Projecting Impact of Daniel Bryan's Neck Injury on His Wrestling Style

David BixenspanFeatured ColumnistMay 14, 2014

Randy Orton, left, Daniel Bryan, top, and Batista compete during Wrestlemania XXX at the Mercedes-Benz Super Dome in New Orleans on Sunday, April 6, 2014. (Jonathan Bachman/AP Images for WWE)
Jonathan Bachman/Associated Press

In the aftermath of the announcement that Daniel Bryan is undergoing neck surgery, both Bryan Alvarez of (subscription required) and Mike Johnson of (h/t have reported concern among wrestlers that the damage will be worse than doctors expected once they open him up.  

It's supposed to be a minor surgery, but there are reasons to believe the damage is more severe than anyone realizes.

Bryan has worked a very hard style for most of his career.  Whether it was his rookie year as a high-flyer, using stiff strikes in ROH and Japan, or his WWE style, where he throws himself all over the place, he's surely taken more of a pounding than the average wrestler. 

Last year, Bryan suffered a "stinger" in a match with Randy Orton.  He was supposed to get a clean win, the biggest of his career, to help get him ready for his title shot against John Cena at SummerSlam.  The ringside doctor legitimately stopped the match, leading to the normally even-tempered Bryan screaming at Triple H backstage in an incident played up as part of the storyline, even though it wasn't.  

By all accounts, Bryan felt that after wrestling for the better part of 15 years around the world, working hurt plenty of times, he knew his limits better than the doctor or the producers.

He certainly should know his own body: He worked for months on a separated shoulder in 2006 and even had some of his very best matches during that period, including his Ring of Honor title defense against KENTA.  

Earlier that year, he suffered both a concussion and a knee injury in a Triple Threat match with KENTA and Samoa Joe, though that match fell apart due to all three wrestlers getting hurt.  The following year, he suffered a detached retina while wrestling Takeshi Morishima which required surgery.

Maybe that match should have gone on, but I can't blame WWE for erring on the side of caution.  In the end, it didn't hurt his standing one bit to do the match over a few weeks later.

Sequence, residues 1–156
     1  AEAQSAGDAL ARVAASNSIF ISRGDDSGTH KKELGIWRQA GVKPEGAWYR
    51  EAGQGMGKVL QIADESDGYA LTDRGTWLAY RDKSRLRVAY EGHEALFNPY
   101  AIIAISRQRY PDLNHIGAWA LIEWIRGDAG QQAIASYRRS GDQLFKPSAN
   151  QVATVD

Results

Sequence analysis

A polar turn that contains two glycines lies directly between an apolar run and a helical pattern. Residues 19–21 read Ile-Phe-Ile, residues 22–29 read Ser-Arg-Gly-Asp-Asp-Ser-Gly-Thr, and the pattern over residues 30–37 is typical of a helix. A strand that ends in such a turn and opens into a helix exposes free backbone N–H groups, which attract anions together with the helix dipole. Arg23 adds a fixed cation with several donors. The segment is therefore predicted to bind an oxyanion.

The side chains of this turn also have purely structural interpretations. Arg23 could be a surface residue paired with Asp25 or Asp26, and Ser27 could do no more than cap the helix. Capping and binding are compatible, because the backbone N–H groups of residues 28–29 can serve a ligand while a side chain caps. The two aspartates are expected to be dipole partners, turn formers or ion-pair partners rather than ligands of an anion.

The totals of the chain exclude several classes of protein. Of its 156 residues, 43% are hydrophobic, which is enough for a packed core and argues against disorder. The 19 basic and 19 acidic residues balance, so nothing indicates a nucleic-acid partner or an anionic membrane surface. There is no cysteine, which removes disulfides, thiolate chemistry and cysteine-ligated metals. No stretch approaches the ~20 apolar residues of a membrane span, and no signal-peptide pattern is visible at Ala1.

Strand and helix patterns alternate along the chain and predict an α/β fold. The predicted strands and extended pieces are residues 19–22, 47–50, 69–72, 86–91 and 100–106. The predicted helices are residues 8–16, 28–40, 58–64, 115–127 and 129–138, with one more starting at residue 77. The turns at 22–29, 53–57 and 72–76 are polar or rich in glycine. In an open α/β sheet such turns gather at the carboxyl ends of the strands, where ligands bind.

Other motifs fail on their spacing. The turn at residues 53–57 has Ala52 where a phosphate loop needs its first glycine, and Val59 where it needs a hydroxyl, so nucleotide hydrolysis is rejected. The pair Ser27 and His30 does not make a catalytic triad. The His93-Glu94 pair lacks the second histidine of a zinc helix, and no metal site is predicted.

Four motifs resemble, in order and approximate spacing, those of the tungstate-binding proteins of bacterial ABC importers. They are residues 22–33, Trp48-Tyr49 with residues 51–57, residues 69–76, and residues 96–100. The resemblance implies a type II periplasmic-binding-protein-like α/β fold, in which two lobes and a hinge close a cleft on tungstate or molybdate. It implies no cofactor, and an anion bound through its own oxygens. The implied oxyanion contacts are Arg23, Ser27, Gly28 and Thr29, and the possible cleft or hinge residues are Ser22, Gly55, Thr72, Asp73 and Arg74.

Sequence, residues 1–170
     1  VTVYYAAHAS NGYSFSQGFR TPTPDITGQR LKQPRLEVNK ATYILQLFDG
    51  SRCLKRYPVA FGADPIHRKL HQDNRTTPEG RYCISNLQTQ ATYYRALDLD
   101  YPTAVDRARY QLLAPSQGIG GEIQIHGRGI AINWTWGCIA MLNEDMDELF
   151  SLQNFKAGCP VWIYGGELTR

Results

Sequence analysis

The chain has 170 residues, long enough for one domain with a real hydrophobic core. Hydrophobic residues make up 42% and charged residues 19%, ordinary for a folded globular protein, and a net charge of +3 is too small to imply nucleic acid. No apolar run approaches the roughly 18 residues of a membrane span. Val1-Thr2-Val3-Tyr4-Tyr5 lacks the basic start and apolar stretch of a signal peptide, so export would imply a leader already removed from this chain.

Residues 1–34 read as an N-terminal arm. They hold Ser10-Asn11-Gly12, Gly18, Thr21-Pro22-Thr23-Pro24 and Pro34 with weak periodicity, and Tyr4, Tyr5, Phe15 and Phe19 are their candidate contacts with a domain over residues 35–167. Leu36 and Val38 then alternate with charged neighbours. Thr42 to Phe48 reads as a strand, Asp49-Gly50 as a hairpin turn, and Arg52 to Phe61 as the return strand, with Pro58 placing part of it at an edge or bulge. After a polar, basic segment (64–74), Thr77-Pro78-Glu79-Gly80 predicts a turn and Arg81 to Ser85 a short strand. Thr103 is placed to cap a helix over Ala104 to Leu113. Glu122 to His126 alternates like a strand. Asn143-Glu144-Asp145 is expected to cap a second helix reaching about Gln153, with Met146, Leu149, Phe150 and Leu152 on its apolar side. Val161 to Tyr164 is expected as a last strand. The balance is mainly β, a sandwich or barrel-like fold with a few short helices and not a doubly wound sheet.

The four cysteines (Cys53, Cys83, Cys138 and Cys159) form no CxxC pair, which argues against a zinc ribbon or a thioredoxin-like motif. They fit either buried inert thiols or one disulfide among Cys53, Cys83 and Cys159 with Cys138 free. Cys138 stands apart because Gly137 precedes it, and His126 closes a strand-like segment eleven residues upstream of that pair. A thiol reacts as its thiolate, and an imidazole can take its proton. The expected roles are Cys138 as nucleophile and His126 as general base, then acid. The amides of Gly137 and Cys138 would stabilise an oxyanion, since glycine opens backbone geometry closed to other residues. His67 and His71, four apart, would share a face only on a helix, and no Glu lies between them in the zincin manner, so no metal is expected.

WWE has their fair share of experience dealing with neck injuries.  From 1999 to 2004, Steve Austin, Chris Benoit, Lita (though that injury was caused by an accident while doing stunt work), Edge, Rhyno, and Test all had to undergo spinal fusion surgery.  

It was recommended that Kurt Angle get his neck fused in 2003, but he opted for minimally invasive surgery instead.  John Cena underwent his own minimally invasive neck surgery in 2008.

There were noticeable changes in the WWE in-ring style after the neck injuries really piled up around 2003, with moves like the German suplex adjusted for safer landings.  Upon his return, Benoit went several months before the diving headbutt was reinserted into his repertoire.  The previously unseen severe neck injuries became common enough to necessitate change.

Bryan has had bad injuries before, but they haven't led to much of a noticeable change in his style.  Now it's different.  He's entered his peak earning years, and on Total Divas and other places he's spoken of wanting to retire with his wife in a few years to start a family.  

Both for his financial security and his own well-being, he needs to focus on getting through the next few years with his health intact.  Yes, given the money he's making right now and his plans to start farming and become self-sufficient when he retires, he's likely set for life already, but he should make sure he's able to enjoy it all.

When you think about the trademark moves of Bryan's most likely to impact the neck, the most obvious is the diving headbutt.  Harley Race, who popularized the move, would later openly regret using it because of the neck damage it caused.  

For someone like Bryan, who uses it just to get a pop for a near fall, it's something he can easily dispose of.  Really, he already did it: He stopped using it for months before bringing it back recently.  

Even if it's just a coincidence, the timing of the neck injury is certainly interesting, since he just brought that move back. His trademark rope dive to the floor sees him lead with the head, similar to those Edge and Rhyno spears that caused problems.  It's a very common move in Mexico and hasn't necessarily caused problems there, but I do wonder if it could be an issue.  

Still, it's not just about specific moves.  Bryan will need to change his style, probably focusing on pinballing around the ring less more than anything.  He deserves a nice life after wrestling, so I hope he doesn't have bad tunnel vision when it comes to in-ring compromises.

David Bixenspan is the lead writer of Figure Four Weekly. Some of his work can be seen in Fighting Spirit Magazine.